Twelve years after his first team experience, our columnist thanks the individuals who made that medal bid and every one since then possible.
Here we are again, getting ready for a team trip to Mexico; the Pan American Games are right around the corner.
I rode on my first team at the 1999 Pan Ams in Winnipeg with Pajama Game, and wow, how the times have changed since then! Twelve years ago, I was “the young guy”—only 22—and I had absolutely no clue that I was going to represent my country until the day before we left for Canada.
There were no conference calls and no emails. And there were certainly no riding clothes that were my own. (Thanks, Dad.) In fact, I was still riding in rubber boots. My “call up” came from Capt. Mark Phillips, and it was something along the lines of, “So, you don’t plan on representing your country in rubber boots, do you?” Given that early admonishment, I hardly thought twice about getting my new pinque coat on short notice. I needed new footwear, pronto! But I was going to ride for my country (even though I rode as an individual that time).
It’s a strange feeling knowing that now I’m “the old guy.” I’ve ridden around plenty of four-stars since then, gone head-to-head with the world’s toughest competition at the Alltech FEI World Equestrian Games and worn out several coats. I even have a collection of leather boots at this point.
But one thing I still need is a medal. My fellow athletes—Hannah Sue Burnett, Jon Holling, Shannon Lilley and Michael Pollard—and I are coming together as your 2011 Land Rover U.S. Eventing Team, and hopefully that medal will come in Guadalajara. I know it would be no less exciting for me, “the old guy,” than for my four teammates, who will all be sporting their pinques for the very first time.
No “I” In Team
This whole process of going from “young guy” to “old guy” has made me appreciate everything a lot more this time around. The initial shock and laughs that came with acknowledging how much has changed since my formative years soon gave way to surprise at how much hasn’t.
While the clothes we wear may be different today, horses and riders still get to the top level the exact same way—with hard work, luck and supportive teams building firm foundations behind the scenes. The thing I think makes our sport stand out the most are the volunteers who give countless hours from the ground up to make eventing better.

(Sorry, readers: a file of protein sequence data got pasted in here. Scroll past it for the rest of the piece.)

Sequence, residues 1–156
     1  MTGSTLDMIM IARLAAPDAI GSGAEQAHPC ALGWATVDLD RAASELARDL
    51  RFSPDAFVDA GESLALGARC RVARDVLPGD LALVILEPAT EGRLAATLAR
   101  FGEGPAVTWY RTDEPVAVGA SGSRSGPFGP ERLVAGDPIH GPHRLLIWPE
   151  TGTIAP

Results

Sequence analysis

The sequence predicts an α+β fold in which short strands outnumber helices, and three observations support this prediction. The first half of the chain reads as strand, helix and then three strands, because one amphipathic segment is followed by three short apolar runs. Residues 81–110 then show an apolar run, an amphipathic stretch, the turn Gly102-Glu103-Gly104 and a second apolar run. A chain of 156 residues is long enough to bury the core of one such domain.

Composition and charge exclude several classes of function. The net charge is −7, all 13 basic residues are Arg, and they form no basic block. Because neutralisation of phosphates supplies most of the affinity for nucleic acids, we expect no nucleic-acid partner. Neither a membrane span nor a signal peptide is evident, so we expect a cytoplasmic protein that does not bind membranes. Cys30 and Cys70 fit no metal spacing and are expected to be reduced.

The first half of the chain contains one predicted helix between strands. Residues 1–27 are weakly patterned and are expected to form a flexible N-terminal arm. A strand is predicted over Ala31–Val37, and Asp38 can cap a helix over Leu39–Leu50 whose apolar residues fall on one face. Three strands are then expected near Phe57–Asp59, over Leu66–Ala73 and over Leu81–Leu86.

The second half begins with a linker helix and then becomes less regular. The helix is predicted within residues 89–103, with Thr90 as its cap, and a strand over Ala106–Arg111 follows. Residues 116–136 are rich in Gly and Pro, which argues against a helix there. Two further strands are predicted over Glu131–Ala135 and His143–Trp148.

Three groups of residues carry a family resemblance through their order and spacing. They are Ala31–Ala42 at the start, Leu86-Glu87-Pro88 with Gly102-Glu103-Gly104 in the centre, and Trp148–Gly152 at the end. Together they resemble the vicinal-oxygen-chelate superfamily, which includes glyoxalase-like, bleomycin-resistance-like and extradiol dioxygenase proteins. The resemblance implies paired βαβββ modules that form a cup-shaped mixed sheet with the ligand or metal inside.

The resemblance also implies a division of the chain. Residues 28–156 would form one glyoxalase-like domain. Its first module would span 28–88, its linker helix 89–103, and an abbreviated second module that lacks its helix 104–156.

Without the volunteers who set up the dressage rings, decorate the cross-country or rake the show jumping rings, we don’t have a sport. For instance, in my entire career, I’ve never once gone into the ring without a volunteer first telling me it’s time to go. It’s the small, simple things like these that we can so easily take for granted in our sport. So to everyone who’s ever volunteered—to all those people who’ve wrangled busy riders at in-gates from Florida to Quebec to Montana to California—we can’t thank you enough.
Without these unbelievable people, events literally couldn’t happen, and therefore the U.S. Team would never happen either. The wind, rain, and unbelievable heat doesn’t stop these guys, and they all have a smile on their faces.
There are also volunteers who work at a different level to make the sport better—they’re the ones putting on clinics in their areas to step up the level of riding. Without these people, we simply wouldn’t have the ability to draw team members from all across the country.
This team headed to Mexico is proof that the top-notch clinics all over America are working. When I was named to the team in 1999, Amy Tryon was the only one on the squad from outside the U.S. Eventing Association’s Area II, which comprises just 51⁄2 Mid-Atlantic states.
This time around, “the old guy” is the lone Mid-Atlantic native. We have riders from California, Wisconsin, Kentucky and South Carolina, and it’s very exciting to see our sport branching out and growing. But this only happens because of dedicated people who work for nothing but the love of the game.
I know that every rider heading to the Pan Ams is a beneficiary of some volunteer (or many) who set up a clinic in his or her area with a “big name trainer.” Whether it was 10 years ago or last year, those volunteers were instrumental in giving our new team riders a leg up and fostering a love of the sport and some much-needed education in areas that didn’t have much access to eventing.
So as we go forward into these games and the Olympics in London next year, I want everyone who’s given to this sport or equestrian sports in general to realize that you are part of the “team,” and that you should be proud of that. It’s volunteers like you who remind us to appreciate the sport we have and ride not for ourselves, but for our eventing community and country.
As riders, we always tend to focus on getting to wear that pinque team coat. But at the end of the day we should be reminding ourselves that it’s not about the jacket—it’s about the boots. Without all those boots on the ground, we’d have no jackets on our backs.
Thanks, everyone. I hope we make you proud.
Buck Davidson is an event rider based in Riegelsville, Pa., and Ocala, Fla. The son of eventing legend Bruce Davidson Sr., Buck has carried on the family name with major achievements beginning during his young rider career. He was the Chronicle’s 2009 Eventing Horseman of the Year and a member of the Land Rover U.S. Eventing Team at the 2010 Alltech FEI World Equestrian Games. He began contributing to Between Rounds in 2010.
If you enjoyed this article and would like to read more like it, consider subscribing. The original version of “It’s Not About The Jacket—It’s About The Boots“ ran in the Oct. 10, 2011, issue. Check out the table of contents to see what great stories are in the magazine this week.